FIG. 3A illustrates a rear view of the console 14 and FIG. 3B illustrates a side view. The console 14 is to appear futuristic-looking and be well-constructed. The console 14 may differ from the typical upright or booth-type console seen in contemporary arcades. In this example, the player sits in a padded bucket seat 17 that has adjustments 18 on the seat panel 19, for height and distance to the console control panel 20. There are no speakers. Instead, a stereo headset 21 plugs into the seat panel 19 for full fidelity sound effects. The more experienced participants may well bring their own headsets that include a microphone 22 for performances where communication with team members is important. The console's design shall screen out extraneous sights that might distract the participant's attention. In this design, the player sits within a hood 23 which blocks peripheral vision.

Other features are likely to make the ARCADIUM console unique as illustrated in FIG. 3C. Rather than inserting money or tokens, the participant may be required to insert his membership card into a card reader 24, and depress a start button 25 to activate the console. There are several advantages. The card will identify the participant for billing or scoring information. Coin collection and counting is eliminated, as well as the need to make change. The console may include a device 26 for vibrating the bucket seat with intensity corresponding to various rumbles and roars which are part of the performance. A light 27 is placed on top of every console that illuminates when a player is finished. This light 27 will remain "on" until the console is again activated, providing the next participant with a way to identify the vacated console. Once the console is reactivated the light 27 on top of the console 14 will go out. The participant may be able to activate a "call" switch 28 that causes the console light 27 to flash, thereby notifying an attendent for assistance. The console would include separate loudness controls 29 for intercom and for simulated action sounds. Volume can be regulated from soft to loud, however, neither control would entirely cut out the sound.

In this example, the consoles are designed for games that involve the operation of "flying vehicles". In other words, all programs developed for the master computer system will require that each member of the audience pilots his or her own imaginary flying vehicle within a simulated space environment. To accomodate this fantasy console panels 20 may include a variety of warning and indicator lights 30, such as: low fuel warning; radar warning (illuminates when enemy approaches); low altitude warning; and so on. An illuminated display 31 shows all team members remaining in the game. A steering wheel 32 or joy stick would allow the imaginary space craft to be maneuvered, while a throttle control 33 would regulate speed. Firing buttons 34 on the console panel, and perhaps on the steering mechanism, would complete the array of console controls.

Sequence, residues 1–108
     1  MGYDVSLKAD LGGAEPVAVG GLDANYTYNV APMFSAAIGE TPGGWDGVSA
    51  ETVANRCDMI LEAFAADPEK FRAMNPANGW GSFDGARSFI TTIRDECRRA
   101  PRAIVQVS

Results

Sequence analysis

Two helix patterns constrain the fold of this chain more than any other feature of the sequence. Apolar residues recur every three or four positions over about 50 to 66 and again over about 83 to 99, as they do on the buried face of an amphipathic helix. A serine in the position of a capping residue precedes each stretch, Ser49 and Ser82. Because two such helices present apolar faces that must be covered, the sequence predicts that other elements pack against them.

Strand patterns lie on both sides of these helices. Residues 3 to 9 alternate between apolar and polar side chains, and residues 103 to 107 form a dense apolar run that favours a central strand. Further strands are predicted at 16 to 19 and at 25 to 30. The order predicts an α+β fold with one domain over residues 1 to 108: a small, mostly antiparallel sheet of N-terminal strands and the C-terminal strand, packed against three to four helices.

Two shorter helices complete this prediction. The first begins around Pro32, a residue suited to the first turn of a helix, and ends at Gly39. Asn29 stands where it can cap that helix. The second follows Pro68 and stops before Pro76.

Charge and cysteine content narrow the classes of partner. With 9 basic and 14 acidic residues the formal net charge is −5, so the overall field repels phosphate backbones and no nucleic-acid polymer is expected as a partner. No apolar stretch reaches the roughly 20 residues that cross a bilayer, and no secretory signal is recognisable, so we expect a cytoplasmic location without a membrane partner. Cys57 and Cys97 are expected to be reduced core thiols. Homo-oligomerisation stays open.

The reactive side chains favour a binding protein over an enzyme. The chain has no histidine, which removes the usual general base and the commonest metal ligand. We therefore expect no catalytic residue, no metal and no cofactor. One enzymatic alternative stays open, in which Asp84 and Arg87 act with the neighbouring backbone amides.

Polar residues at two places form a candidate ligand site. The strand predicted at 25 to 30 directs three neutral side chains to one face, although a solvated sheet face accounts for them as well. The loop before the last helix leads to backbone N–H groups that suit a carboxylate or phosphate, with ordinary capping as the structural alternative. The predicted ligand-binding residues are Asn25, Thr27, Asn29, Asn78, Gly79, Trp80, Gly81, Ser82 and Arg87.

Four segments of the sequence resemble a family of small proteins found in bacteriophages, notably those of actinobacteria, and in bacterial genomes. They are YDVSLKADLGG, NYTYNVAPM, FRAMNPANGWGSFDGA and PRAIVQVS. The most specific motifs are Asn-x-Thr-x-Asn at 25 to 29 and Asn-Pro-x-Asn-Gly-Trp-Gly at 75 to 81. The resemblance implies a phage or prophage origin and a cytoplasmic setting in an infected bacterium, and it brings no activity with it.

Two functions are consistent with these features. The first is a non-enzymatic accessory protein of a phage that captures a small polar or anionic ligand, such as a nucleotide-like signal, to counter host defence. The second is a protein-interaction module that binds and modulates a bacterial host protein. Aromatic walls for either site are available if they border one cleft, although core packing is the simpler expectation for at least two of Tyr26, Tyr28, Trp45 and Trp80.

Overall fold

THE MASTER COMPUTER

While the consoles are like the eyes and the ears, the master computer is the central nerve system of ARCADIUM. Illustrated in FIG. 4, the master computer system 35 provides continuous data to all consoles 14 within the center so that every participant is given the illusion that he or she is moving through time and space, from his own particular perspective, and interacting with other participants within this imaginary environment. As with the consoles, the hardware and technology is presently available for the master computer.

Unlike video games found in contemporary arcades, a master computer 35 operates all consoles 14 in the arena room 10, and is preferably located separately . . . in a computer control room 37. Because of the importance of this computer 35 and its program, a second back-up computer could be available in the event that the first unit malfunctioned. The transferance from the first computer to the back-up, may or may not be detectable in the display. The master computer system concept is an object of the present invention and is a necessity for ARCADIUM. Several advantages to the master computer system are evident. First, the sophistication of the computer simulation can be superior for the same cost per console 14. The hardware selected for the master computer system 35 would be economically unfeasible if for only one console 14. But with many consoles 14A, the master computer system 35 can be of the capacity that will provide a life-like moving three dimensional picture, with excellent definition of graphics and the appearance of smooth motion. A second advantage to the master computer system 35, is the ability to change programs and consequently obtain entirely different games or performances for participants to enjoy. No changes in hardware need be required. Still another advantage is the ability to upgrade the entire ARCADIUM system by replacing ONLY the master computer system with a technologically improved unit utilizing the latest computer advancements. Another possibility with the master computer system 35 is the capability of linking together two ARCADIUM centers for team sporting events. A facility in Los Angeles, for example, could play a facility in New York, without either team having to travel from home. This capability in communications for "long distance play", would utilize existing state of the art technology.

In this example electrical wiring from consoles 14 would run in the floor 36 acressible through channels with removable cover plates. Wiring would then run up to the second level 2 through a central column 15, and into the master computer room 37 directly above.

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Reference
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Classifications
U.S. Classification472/60, 463/40, 472/136, 463/33
International ClassificationA63F13/12
Cooperative ClassificationA63F13/12, A63F2300/1062, A63F2300/8017, A63F2300/302
European ClassificationA63F13/12
Legal Events
DateCodeEventDescription
Jan 3, 1989FPExpired due to failure to pay maintenance fee
Effective date: 19881016
Oct 16, 1988LAPSLapse for failure to pay maintenance fees
May 17, 1988REMIMaintenance fee reminder mailed
Jul 30, 1985CCCertificate of correction